If you haven’t been to the Paint Mines Interpretive Park yet, you’re missing out. You’ll literally feel like you’re walking through a scene of a science fiction novel. This often ignored attraction, located a mile south of Calhan in El Paso County, is home to some of the most unique rock formations in the state. The park is filled with sandstone-capped spires and narrow paths that cut around the various features, perfect for hiking year round.
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The terrain at the Paint Mines Interpretive Park spans four miles of trails across 750 acres and is diverse with an ecological makeup that combines wetlands, badlands, and prairies in a relatively small space. Due to its unique landscape, the space attracts a variety of wildlife, including horned toads, mule deer, and coyotes, along with a huge number of birds.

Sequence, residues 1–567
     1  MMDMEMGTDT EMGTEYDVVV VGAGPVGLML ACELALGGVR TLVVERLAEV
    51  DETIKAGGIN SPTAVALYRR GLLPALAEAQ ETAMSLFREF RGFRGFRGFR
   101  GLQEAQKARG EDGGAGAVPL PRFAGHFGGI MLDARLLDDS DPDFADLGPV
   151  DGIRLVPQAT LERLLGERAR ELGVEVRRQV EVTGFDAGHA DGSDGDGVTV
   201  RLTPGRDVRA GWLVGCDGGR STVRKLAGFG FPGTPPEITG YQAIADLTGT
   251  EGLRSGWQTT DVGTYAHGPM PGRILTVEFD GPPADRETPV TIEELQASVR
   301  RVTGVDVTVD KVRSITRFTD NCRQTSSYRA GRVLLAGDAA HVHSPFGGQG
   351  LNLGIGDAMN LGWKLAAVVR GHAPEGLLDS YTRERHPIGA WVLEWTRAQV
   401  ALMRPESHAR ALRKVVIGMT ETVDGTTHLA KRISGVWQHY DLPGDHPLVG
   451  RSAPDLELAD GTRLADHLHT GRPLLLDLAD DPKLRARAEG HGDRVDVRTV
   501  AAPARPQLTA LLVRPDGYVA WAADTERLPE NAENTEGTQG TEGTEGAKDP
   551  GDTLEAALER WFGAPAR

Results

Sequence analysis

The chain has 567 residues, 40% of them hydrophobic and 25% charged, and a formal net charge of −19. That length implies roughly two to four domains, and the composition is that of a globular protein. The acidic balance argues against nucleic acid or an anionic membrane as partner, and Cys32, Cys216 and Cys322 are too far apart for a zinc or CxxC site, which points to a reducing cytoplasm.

While the land is currently protected, evidence of human inhabitants can be found dating back 9,000 years in the form of arrowheads made of selenite clay. It’s thought that early Native Americans used the rock channels in the park to herd buffalo, making them easier to hunt with primitive weapons.
Next time it’s a sunny day and you’re looking for something to do, the Paint Mines Interpretive Park is the perfect Colorado gem. It’s close enough to reach from Colorado Springs in less than an hour and Denver in less than two—a visit here will be something you’ll never forget.